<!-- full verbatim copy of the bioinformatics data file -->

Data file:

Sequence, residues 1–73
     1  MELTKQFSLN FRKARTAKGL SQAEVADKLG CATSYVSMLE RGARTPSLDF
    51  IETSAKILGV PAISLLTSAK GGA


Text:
Sequence, residues 1–73
     1  MELTKQFSLN FRKARTAKGL SQAEVADKLG CATSYVSMLE RGARTPSLDF
    51  IETSAKILGV PAISLLTSAK GGA